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Experiment

Enzymes
Margaret Vorndam, M.S.
Version 42-0053-00-01

Lab Report Assistant


This document is not meant to be a substitute for a formal laboratory report. The Lab Report
Assistant is simply a summary of the experiments questions, diagrams if needed, and data tables
that should be addressed in a formal lab report. The intent is to facilitate students writing of lab
reports by providing this information in an editable file which can be sent to an instructor.

Observations
Note: The observed well colors should be recorded according to the following symbols. Collect
data until the well plate yields an amber color. Then, discontinue testing that test tubes contents.
++ = Black or blue-black, Starch present
+ = Light Blue or Light blue-black, Some starch present
- = Amber, Orange, or Red, No starch present

Data Table 1: Effect of Temperature on Amylase Enzyme Conversion of Starch to Sugar


Time,
Well/Test Tube 1
Well/Test Tube 2
0C
37C
minutes
++
++
0
++
++
5
+
+
10
+
15
+
20
25
30
Place test tubes that still contain starch in 37C water bath.
Continue timing for 30 minutes.
-

Well/Test Tube 3
Boiling (100C at STP)

++
++
++
++
++
++
++

60
Add 1 cm of alpha-amylase solution to test tubes that still contain starch.
Place in 37C water bath. Continue timing for 30 minutes.
-

90

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Experiment
Data Table 2: The Effect of Concentration on Amylase Enzyme Conversion of Starch to
Sugar
Time in minutes

Test Tube #1

Concentration of
Amylase:
Fill in % per
Test tube
#1 example

0.5 cm 2 cm,
or 1:4
= 25%

0
5

Test Tube
#2

Test Tube
#3

16% 12.5%

++

10 %

Test Tube
#5

8.3%

++

++

++

++

++

++

++

++

++

++

++

++

++

++

++

++

++

+
++
++
10
+
+
15
+
+
20
25
30
If test tube(s) still contains starch, let sit for 30 minutes and retest.
60

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Test Tube
#4

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Experiment
Data Table 3: The Effect of pH on Amylase Enzyme Conversion of Starch to Sugar
Time, in minutes
pH ( #1 example )
Student to fill in
0
5
10
15
20
25

Test Tube #1

Test Tube #2

Test Tube #3

Test Tube #4

pH 3.5

pH 5.0

pH 6.8

pH 11.5

++

++

+/-

++

++

++

++

+/-

++

++

++

++

++

++

++
++
30
If test tube(s) still contains starch, let sit for 30 minutes and retest.
No change
No change
60

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Experiment
Exercise 1: Enzymes and Temperature
Questions
A. Which color indicated that starch was still present in the test tube? Which color indicated that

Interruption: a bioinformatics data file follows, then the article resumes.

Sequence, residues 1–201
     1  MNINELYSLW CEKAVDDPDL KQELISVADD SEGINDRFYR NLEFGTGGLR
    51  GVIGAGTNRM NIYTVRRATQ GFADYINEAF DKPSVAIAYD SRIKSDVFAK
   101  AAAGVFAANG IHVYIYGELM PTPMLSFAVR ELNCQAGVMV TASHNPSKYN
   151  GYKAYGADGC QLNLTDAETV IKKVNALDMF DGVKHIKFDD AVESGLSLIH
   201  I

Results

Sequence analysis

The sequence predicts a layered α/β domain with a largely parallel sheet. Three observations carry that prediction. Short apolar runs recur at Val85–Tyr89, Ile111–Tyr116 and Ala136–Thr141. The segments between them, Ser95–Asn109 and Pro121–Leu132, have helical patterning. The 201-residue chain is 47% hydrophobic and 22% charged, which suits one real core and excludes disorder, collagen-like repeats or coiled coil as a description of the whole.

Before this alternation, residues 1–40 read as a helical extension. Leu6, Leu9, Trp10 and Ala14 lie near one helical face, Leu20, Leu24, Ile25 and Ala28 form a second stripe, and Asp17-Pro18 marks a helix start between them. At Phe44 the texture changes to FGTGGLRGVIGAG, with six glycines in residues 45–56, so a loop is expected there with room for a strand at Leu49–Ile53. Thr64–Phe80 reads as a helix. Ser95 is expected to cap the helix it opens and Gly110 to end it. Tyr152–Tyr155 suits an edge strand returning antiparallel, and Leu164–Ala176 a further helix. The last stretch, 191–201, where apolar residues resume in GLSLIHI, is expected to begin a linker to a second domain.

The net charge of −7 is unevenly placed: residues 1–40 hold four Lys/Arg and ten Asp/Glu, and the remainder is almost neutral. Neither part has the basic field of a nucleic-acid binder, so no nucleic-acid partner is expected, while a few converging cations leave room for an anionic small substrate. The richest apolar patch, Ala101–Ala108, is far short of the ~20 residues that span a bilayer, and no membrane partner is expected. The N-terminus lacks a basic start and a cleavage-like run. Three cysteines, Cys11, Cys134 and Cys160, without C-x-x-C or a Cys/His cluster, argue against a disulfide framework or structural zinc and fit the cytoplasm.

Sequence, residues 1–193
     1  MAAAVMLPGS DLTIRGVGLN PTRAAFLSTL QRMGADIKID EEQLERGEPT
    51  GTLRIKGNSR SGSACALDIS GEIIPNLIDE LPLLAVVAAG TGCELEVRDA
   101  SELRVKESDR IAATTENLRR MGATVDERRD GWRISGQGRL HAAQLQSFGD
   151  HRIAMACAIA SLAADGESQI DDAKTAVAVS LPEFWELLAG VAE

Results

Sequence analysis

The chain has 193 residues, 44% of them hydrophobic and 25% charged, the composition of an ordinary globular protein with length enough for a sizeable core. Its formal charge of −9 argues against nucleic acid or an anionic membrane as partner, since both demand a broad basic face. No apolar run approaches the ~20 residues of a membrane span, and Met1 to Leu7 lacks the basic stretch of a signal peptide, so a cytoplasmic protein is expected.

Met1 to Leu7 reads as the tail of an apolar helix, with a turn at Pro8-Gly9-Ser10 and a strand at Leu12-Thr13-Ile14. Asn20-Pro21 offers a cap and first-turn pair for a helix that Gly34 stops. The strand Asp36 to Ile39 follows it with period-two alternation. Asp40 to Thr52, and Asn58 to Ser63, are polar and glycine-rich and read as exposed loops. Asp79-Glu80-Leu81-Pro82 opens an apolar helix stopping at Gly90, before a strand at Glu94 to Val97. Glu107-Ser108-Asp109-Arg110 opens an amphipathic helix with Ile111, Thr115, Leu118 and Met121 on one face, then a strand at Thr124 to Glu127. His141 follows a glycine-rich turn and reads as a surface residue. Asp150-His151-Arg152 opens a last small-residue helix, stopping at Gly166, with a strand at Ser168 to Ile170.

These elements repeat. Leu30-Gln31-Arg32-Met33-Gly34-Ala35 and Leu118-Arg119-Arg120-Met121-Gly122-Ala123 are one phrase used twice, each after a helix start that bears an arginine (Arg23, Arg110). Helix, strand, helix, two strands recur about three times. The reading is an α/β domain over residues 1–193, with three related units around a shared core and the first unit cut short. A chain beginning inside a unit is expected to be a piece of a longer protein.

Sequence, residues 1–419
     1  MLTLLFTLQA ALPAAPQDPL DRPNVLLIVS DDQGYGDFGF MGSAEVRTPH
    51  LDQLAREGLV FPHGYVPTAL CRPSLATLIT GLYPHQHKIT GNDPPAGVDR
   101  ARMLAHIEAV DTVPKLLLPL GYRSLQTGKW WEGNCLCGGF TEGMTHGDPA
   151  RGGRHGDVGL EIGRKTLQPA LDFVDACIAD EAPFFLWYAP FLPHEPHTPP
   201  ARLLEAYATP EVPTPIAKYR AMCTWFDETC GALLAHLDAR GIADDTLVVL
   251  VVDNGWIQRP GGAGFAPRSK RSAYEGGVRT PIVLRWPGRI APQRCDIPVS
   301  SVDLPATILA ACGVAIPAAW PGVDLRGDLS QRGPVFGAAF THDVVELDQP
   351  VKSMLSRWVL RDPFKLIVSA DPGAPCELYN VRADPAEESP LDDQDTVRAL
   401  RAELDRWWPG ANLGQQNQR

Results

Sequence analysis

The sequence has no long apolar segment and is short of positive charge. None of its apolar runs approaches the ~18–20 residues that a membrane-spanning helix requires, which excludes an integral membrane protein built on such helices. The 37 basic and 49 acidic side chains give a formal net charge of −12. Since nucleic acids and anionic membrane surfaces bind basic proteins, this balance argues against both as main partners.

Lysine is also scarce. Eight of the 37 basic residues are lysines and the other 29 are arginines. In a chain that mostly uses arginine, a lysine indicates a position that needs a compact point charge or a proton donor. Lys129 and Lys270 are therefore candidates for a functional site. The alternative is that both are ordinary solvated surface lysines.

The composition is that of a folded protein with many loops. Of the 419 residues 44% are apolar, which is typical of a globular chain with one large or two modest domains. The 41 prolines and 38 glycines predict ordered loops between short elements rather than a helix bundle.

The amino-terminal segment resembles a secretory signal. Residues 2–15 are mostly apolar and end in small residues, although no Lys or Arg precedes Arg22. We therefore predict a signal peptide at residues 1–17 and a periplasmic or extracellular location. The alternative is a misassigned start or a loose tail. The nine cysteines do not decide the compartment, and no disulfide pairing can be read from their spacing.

the starch was no longer present?
Any color of blue represents starch is present. It ranges from light blue to blue/black. When
starch is absent, the color is amber orange, or red.
B. When the starch disappeared as indicated by the color change, what happened to it?
The color changed from blue to amber, red or orange.

C. What is the variable in this exercise? The variables are the temperature of the water

What could be considered the control treatment? The control is the amylase and starch solutions. They are
the same in every test tube.

D. Based on the results recorded in Data Table 1, which temperature(s) is/are optimal for enzyme
conversion activity? The temp of 37C appears to be the optimal temp since it had more of an
amber color than the other temps.

Which temperature facilitated the conversion first? Second?

The first would be a temp of 37C, and the second would be a temp of 0C.

E. Did other temperatures facilitate enzyme activity at all? No the temp of 100C still did not after 60 minutes.
It had to be transferred to the 37C bath.

Why or why not? The molecular activity was out of range for the enzymes to react with the solutions.

F. Why was the water bath temperature of 37C chosen as the mid-range temperature? Hint:
What is the oF equivalent of this oC temperature?
It was chosen because it is the same temp as a normal body temp. 37C is equal to 98.6F. This allows us to see what would
happen in our own bodies.

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G. Why was it important to immediately observe the color of the test tube contents/iodine in
the microplate well? The color will change as more time is allowed. This will give us accurate
results if the color is read immediately. This allows for the experiment to be the same each
time it is conducted due to the time intervals.

H. Why didnt you add the iodine indicator directly to the test tubes?
In order to not skew the results. It had to be added at a specific time
to keep the tubes free of the solution. If it had been added at the
beginning it would have made the results different.

I. What happened when you incubated the test tube(s) that still contained amylase/starch at
37C?
It changed as the solution cooled off. It actually did not take the entire time for it to change to a
negative state.

Did both test tubes indicate the disappearance of starch after the incubation? If not, why? Only one
had to be transferred, because the other was negative already. They all ended up being negative at